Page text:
Idaho colleges hoping to get a little more money could soon have to prove they are meeting state higher education goals first.
The Idaho State Board of Education is drafting a proposal that could go to next year’s Legislature that would be the state’s foray into spreading out dollars among eight public institutions based on how well they further the state’s higher education goals, such as increasing the number of graduates.
Idaho’s proposal, which uses a funding method based on educational outcomes instead of growth in enrollment or the number of credit hours taught, could lead to a seismic change in how universities, community colleges and Lewis-Clark State College get their dollars and what effect that money ultimately would have.
“The Legislature and the public like to see the product of public investment,” said Blake Youde, the education board’s legislative liaison.
Never miss a local story.
Outcome-based funding is hardly new to government or higher education. Early proposals date back more than three decades, according to a 2015 study by HCM Strategists, a Washington, D.C., policy firm focused on health and education.
Nearly 35 states have some form of outcome-based funding approach. In some states, the goal-based money is tied to 90 percent of the state’s higher education dollars, and in others as little as 1 percent, said Martha Snyder, HCM director. Idaho is considering starting with a pot of money — perhaps $5 million to $8 million — that would be divided among the schools that meet graduation goals.
Just 25 percent of those who start post-secondary programs stay in the pipeline.
The dollars can be tied to a variety of education factors: the number of graduates from a college; improvement in retaining students year to year; or accelerating students through remediation to be ready for college, where they must retake classes they had in high school, such as English or math.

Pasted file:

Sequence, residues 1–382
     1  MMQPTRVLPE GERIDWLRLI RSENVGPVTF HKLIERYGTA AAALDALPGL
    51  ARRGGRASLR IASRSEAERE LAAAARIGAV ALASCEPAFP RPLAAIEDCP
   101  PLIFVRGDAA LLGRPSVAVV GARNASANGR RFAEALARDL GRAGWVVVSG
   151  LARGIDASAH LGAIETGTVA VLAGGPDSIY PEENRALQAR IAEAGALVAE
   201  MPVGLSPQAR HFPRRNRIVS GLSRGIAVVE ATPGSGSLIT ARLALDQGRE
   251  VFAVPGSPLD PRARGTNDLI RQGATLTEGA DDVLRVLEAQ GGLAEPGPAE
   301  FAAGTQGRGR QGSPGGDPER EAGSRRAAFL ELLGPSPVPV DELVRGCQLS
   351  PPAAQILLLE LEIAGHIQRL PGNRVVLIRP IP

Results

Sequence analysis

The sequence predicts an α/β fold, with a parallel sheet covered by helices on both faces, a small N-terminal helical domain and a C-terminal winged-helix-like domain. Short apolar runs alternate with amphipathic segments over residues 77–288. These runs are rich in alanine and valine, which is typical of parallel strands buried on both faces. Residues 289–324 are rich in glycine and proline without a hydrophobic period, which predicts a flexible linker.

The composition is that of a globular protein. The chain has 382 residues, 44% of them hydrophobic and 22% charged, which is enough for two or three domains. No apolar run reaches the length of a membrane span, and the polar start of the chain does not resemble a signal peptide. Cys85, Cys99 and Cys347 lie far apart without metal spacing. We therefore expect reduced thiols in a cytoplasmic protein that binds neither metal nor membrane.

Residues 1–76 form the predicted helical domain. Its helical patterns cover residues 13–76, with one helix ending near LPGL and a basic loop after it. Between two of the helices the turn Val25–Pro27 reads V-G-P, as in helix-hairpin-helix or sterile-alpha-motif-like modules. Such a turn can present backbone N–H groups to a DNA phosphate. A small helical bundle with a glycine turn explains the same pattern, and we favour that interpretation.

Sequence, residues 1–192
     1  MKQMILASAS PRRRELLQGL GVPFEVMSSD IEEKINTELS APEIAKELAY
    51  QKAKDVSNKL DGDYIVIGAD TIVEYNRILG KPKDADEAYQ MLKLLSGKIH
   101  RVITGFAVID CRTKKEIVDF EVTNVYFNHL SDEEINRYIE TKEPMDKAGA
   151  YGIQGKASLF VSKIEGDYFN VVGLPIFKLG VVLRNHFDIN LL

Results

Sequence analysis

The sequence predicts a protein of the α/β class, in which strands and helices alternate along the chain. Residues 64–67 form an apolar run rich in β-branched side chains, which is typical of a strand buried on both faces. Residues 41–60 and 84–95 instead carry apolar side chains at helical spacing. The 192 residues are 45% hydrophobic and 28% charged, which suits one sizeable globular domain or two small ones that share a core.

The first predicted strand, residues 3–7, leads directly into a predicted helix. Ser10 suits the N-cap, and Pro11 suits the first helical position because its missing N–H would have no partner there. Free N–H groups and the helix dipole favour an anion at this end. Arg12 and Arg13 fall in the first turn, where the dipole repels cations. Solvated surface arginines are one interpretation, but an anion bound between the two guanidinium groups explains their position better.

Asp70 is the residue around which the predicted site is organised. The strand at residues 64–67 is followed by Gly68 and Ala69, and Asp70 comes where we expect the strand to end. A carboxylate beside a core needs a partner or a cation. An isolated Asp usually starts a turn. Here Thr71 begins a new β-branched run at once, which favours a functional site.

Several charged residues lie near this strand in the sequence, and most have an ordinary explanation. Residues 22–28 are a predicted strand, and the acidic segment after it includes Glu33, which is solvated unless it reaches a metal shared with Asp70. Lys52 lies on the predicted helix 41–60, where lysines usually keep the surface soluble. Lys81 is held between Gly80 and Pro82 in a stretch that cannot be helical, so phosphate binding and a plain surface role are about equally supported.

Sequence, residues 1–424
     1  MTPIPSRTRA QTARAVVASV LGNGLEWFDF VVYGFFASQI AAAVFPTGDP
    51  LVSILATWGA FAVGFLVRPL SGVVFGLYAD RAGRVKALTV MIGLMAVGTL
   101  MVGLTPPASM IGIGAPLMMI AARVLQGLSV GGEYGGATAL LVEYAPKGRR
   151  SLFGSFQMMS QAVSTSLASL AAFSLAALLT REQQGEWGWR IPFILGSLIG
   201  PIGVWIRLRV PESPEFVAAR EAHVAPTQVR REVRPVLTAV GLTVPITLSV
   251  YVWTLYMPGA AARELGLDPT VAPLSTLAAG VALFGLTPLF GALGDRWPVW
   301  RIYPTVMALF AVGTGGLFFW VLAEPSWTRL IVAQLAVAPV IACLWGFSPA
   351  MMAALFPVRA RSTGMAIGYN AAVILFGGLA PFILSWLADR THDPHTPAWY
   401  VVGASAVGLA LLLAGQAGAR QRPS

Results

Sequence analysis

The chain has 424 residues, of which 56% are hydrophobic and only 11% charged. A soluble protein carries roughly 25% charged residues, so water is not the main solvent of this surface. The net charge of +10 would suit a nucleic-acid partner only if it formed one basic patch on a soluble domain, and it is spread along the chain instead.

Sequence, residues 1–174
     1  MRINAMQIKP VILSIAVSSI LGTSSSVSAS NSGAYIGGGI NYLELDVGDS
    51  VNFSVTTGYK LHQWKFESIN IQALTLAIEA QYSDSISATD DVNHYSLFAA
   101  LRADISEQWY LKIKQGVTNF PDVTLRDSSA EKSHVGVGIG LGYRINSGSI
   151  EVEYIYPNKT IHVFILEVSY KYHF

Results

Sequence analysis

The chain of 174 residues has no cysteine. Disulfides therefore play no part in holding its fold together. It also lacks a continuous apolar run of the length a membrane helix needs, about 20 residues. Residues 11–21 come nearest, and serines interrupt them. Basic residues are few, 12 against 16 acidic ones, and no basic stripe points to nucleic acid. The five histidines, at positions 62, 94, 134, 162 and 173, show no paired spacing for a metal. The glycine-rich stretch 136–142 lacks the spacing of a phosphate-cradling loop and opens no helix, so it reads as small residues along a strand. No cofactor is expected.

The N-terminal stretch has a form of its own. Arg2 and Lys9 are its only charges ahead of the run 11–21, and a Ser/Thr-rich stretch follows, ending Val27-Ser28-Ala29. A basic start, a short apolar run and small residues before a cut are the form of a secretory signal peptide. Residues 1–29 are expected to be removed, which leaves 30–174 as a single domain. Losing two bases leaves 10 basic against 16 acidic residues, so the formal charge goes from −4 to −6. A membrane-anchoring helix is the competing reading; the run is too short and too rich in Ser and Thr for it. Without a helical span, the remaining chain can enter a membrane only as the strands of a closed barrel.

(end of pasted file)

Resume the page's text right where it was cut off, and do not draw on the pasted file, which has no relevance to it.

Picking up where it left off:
In the 1970s, college funding models emphasized more students enrolled in college, Snyder said. That has changed.
“It makes intuitive sense for us to align the way we are funding the institutions with what we need from our investment as a state,” Snyder said.
Idaho needs graduates from two- and four-year colleges and certificated programs to meet the demand for more jobs and better jobs that need workers with advanced training, state board officials say.
Increasing the number of graduates is likely where Idaho will start first with this outcome-based funding experiment, largely because it is fairly simple to track, said Richard Westerberg, a State Board member from Preston.
In 2015, more than 14,000 students graduated from eight Idaho schools with a range of postsecondary eduction from certificates to postgraduate degrees. But with that many graduates, Idaho will likely fall short of its goal to get 60 percent of its workforce ages 25 to 34 some type of post-high school training by 2020. The long-range goal: better-educated workers.
“There is a lot of concern whether we’ve got a shot at this,” Westerberg said.